On 2 February 1943, in what is considered the turning point of the Second World War, the final remnants of the German Sixth Army surrendered at the Battle of Stalingrad.
The city, originally called Tsaritsyn, was renamed Stalingrad, Stalin’s city, in April 1925, in recognition of Joseph Stalin‘s leading role in saving the city from the counterrevolutionary ‘Whites’ during the Russian Civil War. (The fact that Leon Trotsky was more instrumental in saving Tsaritsyn was quietly forgotten). Considered important because of its supply of oil, the symbolic significance of Stalingrad, bearing the name of the Soviet leader, soon outweighed its strategic importance.
‘Not One Step Back’
The Germans started their attack on Stalingrad, Operation Blue, on 28 June 1942. Led by the Sixth Army, Germany’s largest wartime army commanded by General Friedrich Paulus (pictured), the Germans were fully expecting a total victory as they pushed the Soviet forces back.
The swift German advance alarmed Stalin so much, he issued his infamous ‘Not One Step Back’ directive of 28 July, ordering execution for the slightest sign of defeatism. Behind the Soviet frontlines roamed a second Soviet line ready to shoot any retreating ‘cowards’ or ‘traitors of the Motherland’. As Georgy Zhukov, one of Stalin’s top generals, said, ‘In the Red Army it takes a very brave man to be a coward’.
By 23 August, the German advance had reached the outskirts of Stalingrad and, with 600 planes, unleashed a devastating aerial bombardment. Entering the city, the Germans, along with their Axis comrades, comprising of Italians, Romanians and Hungarians, fought the Soviets street for street, house for house, sometimes room for room. This, as the Germans called it, was rat warfare, where a strategic stronghold changed sides so many times, people lost count, where the front lines were so close one could throw back a grenade before it exploded, where snipers took their toll on the enemy, and where a soldier’s life expectancy was three days – if lucky.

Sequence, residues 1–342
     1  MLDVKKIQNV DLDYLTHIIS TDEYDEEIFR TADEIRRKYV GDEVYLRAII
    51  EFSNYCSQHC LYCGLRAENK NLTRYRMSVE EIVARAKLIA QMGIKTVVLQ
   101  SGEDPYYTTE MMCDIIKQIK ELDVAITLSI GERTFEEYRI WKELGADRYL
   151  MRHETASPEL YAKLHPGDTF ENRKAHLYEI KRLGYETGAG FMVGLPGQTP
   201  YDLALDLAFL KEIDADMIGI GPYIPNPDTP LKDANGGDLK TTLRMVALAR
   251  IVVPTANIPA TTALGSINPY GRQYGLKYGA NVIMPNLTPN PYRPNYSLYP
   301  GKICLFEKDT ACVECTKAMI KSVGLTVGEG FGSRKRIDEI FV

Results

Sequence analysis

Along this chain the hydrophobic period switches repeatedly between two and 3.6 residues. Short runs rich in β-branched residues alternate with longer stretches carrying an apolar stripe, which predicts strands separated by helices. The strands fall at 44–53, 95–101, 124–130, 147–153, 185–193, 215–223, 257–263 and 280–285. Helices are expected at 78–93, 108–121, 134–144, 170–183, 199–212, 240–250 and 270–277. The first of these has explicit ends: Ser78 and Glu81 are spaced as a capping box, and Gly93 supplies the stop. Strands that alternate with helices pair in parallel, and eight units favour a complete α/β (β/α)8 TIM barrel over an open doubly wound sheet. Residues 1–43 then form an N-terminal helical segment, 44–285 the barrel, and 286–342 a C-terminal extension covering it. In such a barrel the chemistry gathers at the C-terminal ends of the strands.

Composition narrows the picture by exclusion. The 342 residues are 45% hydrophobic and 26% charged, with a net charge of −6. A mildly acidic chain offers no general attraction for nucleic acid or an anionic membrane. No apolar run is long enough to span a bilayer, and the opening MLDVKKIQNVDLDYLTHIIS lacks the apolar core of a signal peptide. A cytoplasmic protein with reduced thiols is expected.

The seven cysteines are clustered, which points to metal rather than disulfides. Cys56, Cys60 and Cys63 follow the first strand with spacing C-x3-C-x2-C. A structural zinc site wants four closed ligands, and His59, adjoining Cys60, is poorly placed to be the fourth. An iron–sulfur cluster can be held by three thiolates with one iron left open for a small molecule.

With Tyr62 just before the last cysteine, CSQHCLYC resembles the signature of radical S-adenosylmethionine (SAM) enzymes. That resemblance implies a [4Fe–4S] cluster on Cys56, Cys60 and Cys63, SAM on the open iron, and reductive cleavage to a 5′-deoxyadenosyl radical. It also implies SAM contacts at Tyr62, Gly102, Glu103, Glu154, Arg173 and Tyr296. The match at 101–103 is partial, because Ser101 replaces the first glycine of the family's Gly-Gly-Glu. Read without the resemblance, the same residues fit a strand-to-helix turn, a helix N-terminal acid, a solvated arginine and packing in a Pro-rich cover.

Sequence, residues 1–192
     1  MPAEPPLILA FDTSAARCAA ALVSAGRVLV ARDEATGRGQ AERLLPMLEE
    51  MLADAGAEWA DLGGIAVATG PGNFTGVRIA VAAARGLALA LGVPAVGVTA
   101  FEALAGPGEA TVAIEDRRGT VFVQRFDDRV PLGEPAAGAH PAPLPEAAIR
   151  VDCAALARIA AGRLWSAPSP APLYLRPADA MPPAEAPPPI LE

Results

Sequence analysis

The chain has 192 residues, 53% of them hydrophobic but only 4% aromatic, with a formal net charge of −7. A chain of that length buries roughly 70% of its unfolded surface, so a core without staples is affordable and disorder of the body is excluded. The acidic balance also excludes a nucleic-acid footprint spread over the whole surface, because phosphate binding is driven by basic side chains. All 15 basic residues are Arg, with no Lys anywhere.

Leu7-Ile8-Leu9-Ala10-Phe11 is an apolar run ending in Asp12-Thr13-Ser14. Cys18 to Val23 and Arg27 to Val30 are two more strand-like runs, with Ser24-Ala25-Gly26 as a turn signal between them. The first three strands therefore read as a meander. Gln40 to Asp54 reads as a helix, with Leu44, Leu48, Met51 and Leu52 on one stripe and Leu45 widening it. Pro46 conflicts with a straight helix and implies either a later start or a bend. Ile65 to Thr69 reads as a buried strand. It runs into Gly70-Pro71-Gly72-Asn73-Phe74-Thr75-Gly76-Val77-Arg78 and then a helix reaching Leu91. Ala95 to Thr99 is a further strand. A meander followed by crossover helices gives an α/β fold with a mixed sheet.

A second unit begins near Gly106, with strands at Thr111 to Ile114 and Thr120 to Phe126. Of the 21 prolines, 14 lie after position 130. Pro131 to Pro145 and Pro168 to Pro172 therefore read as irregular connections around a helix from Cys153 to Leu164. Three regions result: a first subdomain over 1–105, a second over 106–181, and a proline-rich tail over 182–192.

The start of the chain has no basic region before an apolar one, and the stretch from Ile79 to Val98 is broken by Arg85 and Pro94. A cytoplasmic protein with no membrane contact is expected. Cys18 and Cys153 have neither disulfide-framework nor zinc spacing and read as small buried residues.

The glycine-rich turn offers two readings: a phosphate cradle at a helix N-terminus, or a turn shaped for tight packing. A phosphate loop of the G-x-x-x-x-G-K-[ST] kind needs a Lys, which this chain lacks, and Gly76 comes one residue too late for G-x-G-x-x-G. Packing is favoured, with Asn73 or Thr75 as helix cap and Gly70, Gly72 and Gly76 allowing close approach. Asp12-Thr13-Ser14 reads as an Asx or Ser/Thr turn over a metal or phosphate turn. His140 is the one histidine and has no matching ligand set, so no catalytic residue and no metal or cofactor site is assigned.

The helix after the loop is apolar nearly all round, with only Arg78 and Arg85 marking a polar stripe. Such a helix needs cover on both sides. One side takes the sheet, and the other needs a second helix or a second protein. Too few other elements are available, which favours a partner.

Stalin charged Zhukov to defend the city and formulate a plan to repulse the invader. (It’s worth noting here the difference between Stalin and Hitler as military leaders. After a series of blunders earlier in the war, Stalin, although he always like to take the credit, learnt to defer and listen to the experts, men like Zhukov. Hitler however always insisted he knew best and only canvassed the opinion of others if they agreed with him.)
On 19 November 1942, the Soviet Red Army launched Zhukov’s meticulously-planned counteroffensive, attacking and sweeping in from two separate directions, a pincer movement. Within four days, the two-pronged Soviet attack had met in the middle and had totally encircled the beleaguered German forces. Their objective was achieved so quickly that the Soviet camera crews missed the moment, and battalions of soldiers had to re-enact the essential scenes for the benefit of the cameras.
The Soviets squeezed the 250,000 Germans and their Axis comrades tighter and tighter. As the feared Russian winter set in and temperatures dropped to the minus forties, starvation, frostbite, disease and suicide decimated the Germans. Medical facilities were, at best, crude.
On Christmas Day 1942, with the temperature at –25 degrees Fahrenheit, Paulus received a message from Hitler: ‘You should enter the New Year with the unshakeable confidence that I and the whole of the German Wehrmacht will do everything in our power to relieve the defenders of Stalingrad.’
Whether Paulus and his staff believed it and took any comfort from Hitler’s promise is doubtful. Either way reinforcements, although sent, were easily repulsed and the already hideous conditions only got worse. As one German officer put it, Stalingrad had become a ‘mass grave of the Wehrmacht’. Even the cats and dogs had fled the city. But the Germans refused, at this point, to surrender for fear they’d be executed by the Russians.
A few German planes did manage to land within the city and were able to get troops out amidst scenes of panic, with hundreds of men fighting for the few remaining places whilst being shot at by the Soviets. (On one of the last flights out, Paulus sent his wedding ring back to his wife. He hadn’t seen her since mid-1942 and would never see her again. She died in 1949).